Friday, June 24, 2016

What to Say to Your Grieving Friend


One of the first funerals I attended was the funeral for a dear friend’s grandfather. My friend and I grew up like sisters and since I could remember anything, I remember visits around Christmas time from her and her family, back when my family lived thirty minutes from civilization in the little farmhouse in Illinois.

I never knew my grandfathers, they both died when I was a baby, but I knew my friend’s grandparents and I always thought of her Papa as a surrogate grandfather of sorts. He was funny and nice and always made Thanksgiving dinners jovial and fun. The day of his funeral, as I stood in the receiving line to console our friends, I suddenly got panicked and scared. I turned to my sister Ruth and burst into tears, saying, “I don’t want to talk to them!” 

I had never seen my friends this sad and I was terrified because I was a little child who didn’t understand what was happening. 

And I knew there was nothing I could possibly say to make this better. 

Since then I’ve been on both sides of this equation.

Knowing what to say and do in these situations is never easy. At my brother’s wake, an acquaintance of my family’s and someone I didn’t even really know, came up to me and said, “The good die young, so your brother must have been very, very good.” Yes, my brother was a very good person, but no, that’s not very comforting at all. I smiled diplomatically and said, “thank you” because wakes and funerals aren’t really for the family and loved ones anyway. We had our mourning in our own time. This was for everyone else. 

What do you say at a funeral? What do you say to your grieving friend? How do you comfort and encourage them? 

The sad fact of the matter is there’s nothing you can say that will make the situation better or provide comfort.

“He’s in a better place now.”

“It was his time.”

“Jesus wanted him home.”

“Aren’t you glad you’ll see him again?”

“I understand what you’re going through.”

As true as all the above statements may be, they don’t necessarily help ease the initial shock and pain of loss. The good news is that helping and loving a grieving friend isn’t so much about what you say but what you do and how you treat them.

1. Do something. Actions speak so much louder than words. Make your grieving friend a meal. Clean their house. Pay for their groceries. Help them with the details and logistics of the funeral. Take care of them, because when you're depressed and traumatized, chances are you're not going to do a good job of taking care of yourself. Pray with them and for them. Ask them if there is anything they need help with or anything you can do for them in that moment. If your friend isn't very responsive, chances are they still need help, so look for areas of need and be ready to fill them.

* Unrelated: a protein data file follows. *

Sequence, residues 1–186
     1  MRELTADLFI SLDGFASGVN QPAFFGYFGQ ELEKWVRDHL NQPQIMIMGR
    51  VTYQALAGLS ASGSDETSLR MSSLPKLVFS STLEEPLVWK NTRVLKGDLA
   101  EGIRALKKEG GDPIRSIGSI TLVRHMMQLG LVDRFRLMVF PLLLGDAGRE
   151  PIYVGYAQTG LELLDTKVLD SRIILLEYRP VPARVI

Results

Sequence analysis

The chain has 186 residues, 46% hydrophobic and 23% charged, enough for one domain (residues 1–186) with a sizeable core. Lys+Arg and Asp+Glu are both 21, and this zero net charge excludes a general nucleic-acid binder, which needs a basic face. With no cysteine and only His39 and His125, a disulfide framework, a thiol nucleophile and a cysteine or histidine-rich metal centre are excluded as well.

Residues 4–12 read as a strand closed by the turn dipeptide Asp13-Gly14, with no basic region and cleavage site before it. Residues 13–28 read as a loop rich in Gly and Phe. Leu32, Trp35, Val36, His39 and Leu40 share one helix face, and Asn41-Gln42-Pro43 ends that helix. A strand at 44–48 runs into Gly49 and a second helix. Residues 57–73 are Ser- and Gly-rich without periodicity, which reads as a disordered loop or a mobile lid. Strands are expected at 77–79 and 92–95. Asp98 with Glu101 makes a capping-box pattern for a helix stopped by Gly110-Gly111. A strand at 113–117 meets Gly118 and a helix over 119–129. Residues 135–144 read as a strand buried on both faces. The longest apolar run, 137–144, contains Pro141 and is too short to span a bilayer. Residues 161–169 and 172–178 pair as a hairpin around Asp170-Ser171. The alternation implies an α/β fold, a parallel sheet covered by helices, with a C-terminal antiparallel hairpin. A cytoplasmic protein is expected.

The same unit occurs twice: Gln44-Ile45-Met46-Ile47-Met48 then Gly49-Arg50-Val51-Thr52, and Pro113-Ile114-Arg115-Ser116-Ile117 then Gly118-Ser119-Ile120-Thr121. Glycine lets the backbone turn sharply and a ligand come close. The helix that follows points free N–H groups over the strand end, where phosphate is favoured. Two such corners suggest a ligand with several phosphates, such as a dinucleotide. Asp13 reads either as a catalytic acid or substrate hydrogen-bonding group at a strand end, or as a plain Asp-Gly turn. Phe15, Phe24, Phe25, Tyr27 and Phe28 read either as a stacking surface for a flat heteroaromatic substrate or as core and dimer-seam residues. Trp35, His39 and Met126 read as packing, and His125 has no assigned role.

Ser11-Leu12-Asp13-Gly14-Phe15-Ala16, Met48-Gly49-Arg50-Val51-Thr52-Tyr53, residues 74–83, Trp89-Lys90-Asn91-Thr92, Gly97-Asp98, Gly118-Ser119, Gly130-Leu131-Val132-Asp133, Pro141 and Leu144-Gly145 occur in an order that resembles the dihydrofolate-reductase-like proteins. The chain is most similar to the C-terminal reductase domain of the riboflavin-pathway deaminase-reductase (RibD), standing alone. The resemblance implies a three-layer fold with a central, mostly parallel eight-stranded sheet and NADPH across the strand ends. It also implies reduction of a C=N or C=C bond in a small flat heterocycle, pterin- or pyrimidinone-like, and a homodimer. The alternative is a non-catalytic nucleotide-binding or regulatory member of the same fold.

2. Don’t say anything. There’s not really anything you can say or do to help ease the initial shock and pain of a loss, especially if the loss is unexpected, so don’t try to. Even better, admit to your friend that you don’t know what to say. I didn’t mind when my friends told me, “I don’t know what to say” or “I wish there was something I could do.” It’s better to admit that you’re at a loss than to try and make your friend feel better. You don’t have to make your friend feel better. Sometimes all you have to do is be there and hurt with them.

3. Give them space. It’s important to be there for your friends in time of grief, to make sure they know they are not alone in this and that you want to do anything you can to help. At the same time, understand when your friend needs to withdraw and spend time alone. There’s a healthy balance to this because it’s never good for anyone to isolate themselves completely. Make sure your friend doesn’t fall off the face of the earth. Check in with them, see how they’re doing, and be ready to help when and if they need it.

4. Don’t be scared to talk. The thing about consoling statements is that they typically shut down conversations rather than start them. People say, “I’m sorry for your loss” so they can move on having done their duty and because what else can you say? My grandmother told me that after her husband’s death, no one would talk about my grandfather or so much as mention his name around her, and it drove her crazy. Everyone approached her timidly, dancing around the subject of her husband, afraid to talk about him because it made them uncomfortable. 

One of the best things you can do for your grieving friends is to let them know you aren’t afraid to talk about their loss and grief, that you’re available if they need to talk. You’re not going to start to squirm if they cry in front of you or share about all their confusing, painful emotions and memories. Don’t force their hand if they’re not ready to talk, but be patient and persistent in making yourself available, checking up on them, and asking them if they need to talk.